I'm currently about one-fifth of my way through David Wootton's monumental new book, The Invention of Science: a new history of the Scientific Revolution. I'm enjoying it very much indeed. Wootton sees the invention of modern science as something that unfolded between 1572 (marked by Tycho Brahe's observation of a nova in the constellation of Cassiopeia) and 1704 (when Isaac Newton published his book Opticks). So, basically, we're talking about the seventeenth century, which sounds about right to this non-expert.
In a couple of places in the early chapters, Wootton mentions that, in the sixteenth and seventeenth centuries, gunpowder, printing, and the nautical compass were generally seen as the three modern inventions that best demonstrated how latterday ingenuity had surpassed that of the ancients. This assertion suddenly revived an ancient memory from deep in my own past. It involved my first attempt at writing about the history of science, and an early lesson in how to make your writing more interesting.
Back in 1982, like many of the other boys at my school, I was encouraged to apply for the Oxbridge entrance examinations. My classmates and I were all studying Maths, Further Maths, and Physics for our ‘A’ levels. Someone on the school staff must have realised that a bunch of science nerds like us might be a bit rusty when it came to stringing entire sentences together in the form of exam essays. So one of the school's English teachers was deployed to give us occasional writing assignments, to try to blow out some of the dust and cobwebs from the abandoned literary sections of our brains.
One of our essay assignments—taken from a past Oxbridge entrance exam paper, if memory serves—was worded something along the lines of the following (I doubtless misquote, after 33 years):
Writing in the early seventeenth century, Francis Bacon described printing, gunpowder, and the magnet (i.e. the nautical compass) as the three inventions that had most altered the modern world. If Bacon were writing today, how might his choice of inventions be different?
Quite an good question to set a science student with a developing outside-school interest in the history of science. So I rattled off my essay, more than partially inspired, I wouldn't be at all surprised to recall, by my avid reading of Joseph Bronowski's The Ascent of Man, and James Burke's Connections. I then no doubt got on with the far more pressing matter of my latest calculus homework.
When my essay was returned a few days later, the English teacher had entered an embarrassing number of ✗s in the margin, and had scrawled C- and SEE ME across the bottom. This was unheard of for me. Although I was studying science for my ‘A’ levels, before I chose to specialise, I had, without any false modesty, been a pretty good all-rounder. I could knock out a simple essay, no problem. Not wishing to boast, but Richard Carter didn't get C-minuses—and he certainly didn't get SEE MEs.
So, I went, as instructed, to see the teacher. He was very nice about it, explaining that he knew I was intelligent, and that I could write, so what on earth had gone wrong? I had, he said, totally misinterpreted the question.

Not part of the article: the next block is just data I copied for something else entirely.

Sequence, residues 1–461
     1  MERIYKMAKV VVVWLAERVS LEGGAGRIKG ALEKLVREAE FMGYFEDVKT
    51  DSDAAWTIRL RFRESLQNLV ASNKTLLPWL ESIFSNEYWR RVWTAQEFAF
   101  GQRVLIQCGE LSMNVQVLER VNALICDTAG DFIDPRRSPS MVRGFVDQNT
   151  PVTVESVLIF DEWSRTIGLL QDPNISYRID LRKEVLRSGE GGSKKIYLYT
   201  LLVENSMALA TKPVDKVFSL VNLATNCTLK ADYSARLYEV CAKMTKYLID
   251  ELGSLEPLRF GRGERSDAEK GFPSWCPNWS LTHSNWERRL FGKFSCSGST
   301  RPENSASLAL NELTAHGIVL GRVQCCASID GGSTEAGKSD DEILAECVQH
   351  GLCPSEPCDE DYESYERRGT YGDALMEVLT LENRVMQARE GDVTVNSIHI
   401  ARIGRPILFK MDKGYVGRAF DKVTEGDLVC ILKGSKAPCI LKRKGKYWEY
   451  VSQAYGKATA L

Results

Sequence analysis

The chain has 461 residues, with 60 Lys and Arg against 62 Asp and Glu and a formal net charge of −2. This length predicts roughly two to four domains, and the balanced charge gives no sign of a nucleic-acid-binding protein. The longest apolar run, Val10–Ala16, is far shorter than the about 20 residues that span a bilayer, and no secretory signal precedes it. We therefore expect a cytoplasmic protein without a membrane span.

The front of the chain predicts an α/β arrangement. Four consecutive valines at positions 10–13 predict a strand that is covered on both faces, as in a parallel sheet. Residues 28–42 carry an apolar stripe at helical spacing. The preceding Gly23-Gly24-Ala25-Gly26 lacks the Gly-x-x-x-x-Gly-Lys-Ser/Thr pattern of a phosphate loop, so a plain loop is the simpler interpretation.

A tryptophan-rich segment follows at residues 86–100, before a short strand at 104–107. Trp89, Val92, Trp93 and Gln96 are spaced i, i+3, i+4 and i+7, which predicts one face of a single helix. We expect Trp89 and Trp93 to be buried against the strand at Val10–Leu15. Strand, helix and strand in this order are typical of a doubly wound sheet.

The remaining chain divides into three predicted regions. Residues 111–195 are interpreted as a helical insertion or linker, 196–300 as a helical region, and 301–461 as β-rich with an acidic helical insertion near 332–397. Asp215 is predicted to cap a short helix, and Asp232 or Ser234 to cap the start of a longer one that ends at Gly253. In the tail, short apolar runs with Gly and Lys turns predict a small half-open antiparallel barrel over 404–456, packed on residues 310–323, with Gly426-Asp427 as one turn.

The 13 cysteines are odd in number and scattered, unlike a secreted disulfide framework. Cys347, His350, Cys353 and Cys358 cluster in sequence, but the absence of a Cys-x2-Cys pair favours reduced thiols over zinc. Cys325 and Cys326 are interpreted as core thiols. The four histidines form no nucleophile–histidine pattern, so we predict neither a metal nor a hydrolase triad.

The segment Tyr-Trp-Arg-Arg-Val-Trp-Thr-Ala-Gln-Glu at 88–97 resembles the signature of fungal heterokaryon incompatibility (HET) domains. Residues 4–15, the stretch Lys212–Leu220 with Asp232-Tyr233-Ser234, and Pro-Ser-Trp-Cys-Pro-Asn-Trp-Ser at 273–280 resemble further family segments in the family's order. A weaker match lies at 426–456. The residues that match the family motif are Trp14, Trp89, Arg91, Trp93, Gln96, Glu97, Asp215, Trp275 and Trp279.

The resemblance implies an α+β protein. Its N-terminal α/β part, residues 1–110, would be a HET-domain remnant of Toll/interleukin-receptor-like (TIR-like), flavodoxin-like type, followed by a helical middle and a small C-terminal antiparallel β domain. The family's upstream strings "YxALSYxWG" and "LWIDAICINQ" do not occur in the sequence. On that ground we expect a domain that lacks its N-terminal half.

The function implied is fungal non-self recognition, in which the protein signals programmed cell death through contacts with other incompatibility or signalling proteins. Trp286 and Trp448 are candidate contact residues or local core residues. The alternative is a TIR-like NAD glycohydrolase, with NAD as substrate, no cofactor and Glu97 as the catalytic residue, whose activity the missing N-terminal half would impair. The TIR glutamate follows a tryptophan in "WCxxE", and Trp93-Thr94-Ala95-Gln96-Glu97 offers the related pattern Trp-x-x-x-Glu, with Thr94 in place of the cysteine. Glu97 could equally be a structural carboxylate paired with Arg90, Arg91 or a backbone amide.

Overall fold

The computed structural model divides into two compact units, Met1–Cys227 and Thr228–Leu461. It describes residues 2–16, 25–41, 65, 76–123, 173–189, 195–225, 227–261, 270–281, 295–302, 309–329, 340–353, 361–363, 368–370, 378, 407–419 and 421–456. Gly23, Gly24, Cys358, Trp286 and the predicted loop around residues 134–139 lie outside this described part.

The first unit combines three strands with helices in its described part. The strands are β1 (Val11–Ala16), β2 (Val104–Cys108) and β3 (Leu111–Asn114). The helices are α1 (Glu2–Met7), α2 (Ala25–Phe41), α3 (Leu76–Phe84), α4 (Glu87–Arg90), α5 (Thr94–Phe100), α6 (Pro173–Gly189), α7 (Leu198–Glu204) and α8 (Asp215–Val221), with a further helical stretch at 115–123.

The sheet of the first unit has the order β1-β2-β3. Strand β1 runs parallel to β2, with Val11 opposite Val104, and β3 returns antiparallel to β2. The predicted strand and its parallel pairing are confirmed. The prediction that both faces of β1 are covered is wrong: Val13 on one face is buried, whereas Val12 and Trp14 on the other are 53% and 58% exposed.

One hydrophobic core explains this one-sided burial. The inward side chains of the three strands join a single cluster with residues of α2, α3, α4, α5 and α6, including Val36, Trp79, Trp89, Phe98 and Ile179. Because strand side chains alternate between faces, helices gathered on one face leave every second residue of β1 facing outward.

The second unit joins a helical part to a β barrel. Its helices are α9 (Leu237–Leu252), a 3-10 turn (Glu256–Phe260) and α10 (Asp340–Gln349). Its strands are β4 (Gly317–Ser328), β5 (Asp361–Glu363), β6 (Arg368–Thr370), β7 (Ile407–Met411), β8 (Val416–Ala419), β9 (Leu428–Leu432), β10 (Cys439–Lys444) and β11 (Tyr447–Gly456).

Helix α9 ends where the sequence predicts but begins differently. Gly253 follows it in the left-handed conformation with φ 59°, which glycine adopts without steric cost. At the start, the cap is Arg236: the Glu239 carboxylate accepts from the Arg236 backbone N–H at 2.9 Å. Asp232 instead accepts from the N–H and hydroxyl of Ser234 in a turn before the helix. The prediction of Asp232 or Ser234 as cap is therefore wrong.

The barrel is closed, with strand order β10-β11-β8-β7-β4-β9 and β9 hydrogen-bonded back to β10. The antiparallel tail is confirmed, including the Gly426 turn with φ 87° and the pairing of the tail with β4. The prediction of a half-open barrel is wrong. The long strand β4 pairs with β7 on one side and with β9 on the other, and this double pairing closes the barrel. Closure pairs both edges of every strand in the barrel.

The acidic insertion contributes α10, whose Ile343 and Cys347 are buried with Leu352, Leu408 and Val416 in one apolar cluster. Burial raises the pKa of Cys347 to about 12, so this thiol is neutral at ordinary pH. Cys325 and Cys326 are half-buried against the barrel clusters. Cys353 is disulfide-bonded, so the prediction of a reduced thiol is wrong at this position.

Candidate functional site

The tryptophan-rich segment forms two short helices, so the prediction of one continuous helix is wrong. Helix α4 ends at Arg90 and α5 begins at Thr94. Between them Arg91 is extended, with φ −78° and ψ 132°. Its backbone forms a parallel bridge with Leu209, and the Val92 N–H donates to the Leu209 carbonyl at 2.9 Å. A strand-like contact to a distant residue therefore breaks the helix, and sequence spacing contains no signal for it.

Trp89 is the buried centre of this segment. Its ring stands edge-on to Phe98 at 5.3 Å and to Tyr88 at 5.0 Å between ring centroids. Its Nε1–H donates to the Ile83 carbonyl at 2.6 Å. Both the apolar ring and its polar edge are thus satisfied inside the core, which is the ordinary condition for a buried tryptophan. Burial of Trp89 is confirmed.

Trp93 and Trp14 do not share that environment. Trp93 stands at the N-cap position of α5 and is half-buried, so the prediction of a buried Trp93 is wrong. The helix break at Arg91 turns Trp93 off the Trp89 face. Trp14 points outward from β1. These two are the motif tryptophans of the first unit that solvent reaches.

I must have looked baffled. So the teacher explained that I was supposed to have written about important inventions that had taken place since Francis Bacon's time, but, instead, I had written, in some cases, about stuff that had been invented way before Bacon had even been born!
The penny then dropped. I explained that I had thought the question meant, if Francis Bacon had been writing today with our modern knowledge of human history, how might his choices of world-altering inventions have been different? So, whereas I had agreed with Bacon when it came to printing, and half-endorsed his choice of the magnet (for non-navigational reasons, citing the electric generator, which involves magnets, as a world-altering invention), my essay's main contention was that perhaps mankind's most important invention was our first invention: our first primitive tool, whatever it might have been. It was the invention of invention itself that made us into what we are, and the modern world into what it is. I think I must have had the flung bone turning into a spaceship in 2001: a Space Odyssey more than a little in mind when I wrote my essay.
It was now the English teacher's turn to look baffled. He grabbed my essay back from me, re-read the question at the top of the page, and exclaimed something of the lines of: “Bloody hell! You're right! The question can be interpreted in two totally different ways!” To his eternal credit, he then began to re-read my essay, nodding at times, adding occasional ticks, and even muttering, “Good! Good!” more than once. Having finished, he cleverly amended the C- to an A-, congratulated me for having identified an interesting slant to the question, and told me never to darken the door of his study again.
In all honesty, I think I did misinterpret the question. Even though the question was open to multiple interpretations, the more usual interpretation—the intended interpretation; the one that all the other students in my class had understood—hadn't even occurred to me. But the experience did at least teach me that coming up with an unusual slant to a particular topic can make your writing stand out from the crowd.
If only I could remember that lesson once in a while.
Buy David Wootton's The Invention of Science: a new history of the Scientific Revolution from Amazon
Postscript: I eventually finished Wootton’s book. Read my review.
“…wonderfully droll, witty and entertaining… At their best Carter’s moorland walks and his meandering intellectual talk are part of a single, deeply coherent enterprise: a restless inquiry into the meaning of place and the nature of self.”
—Mark Cocker, author and naturalist
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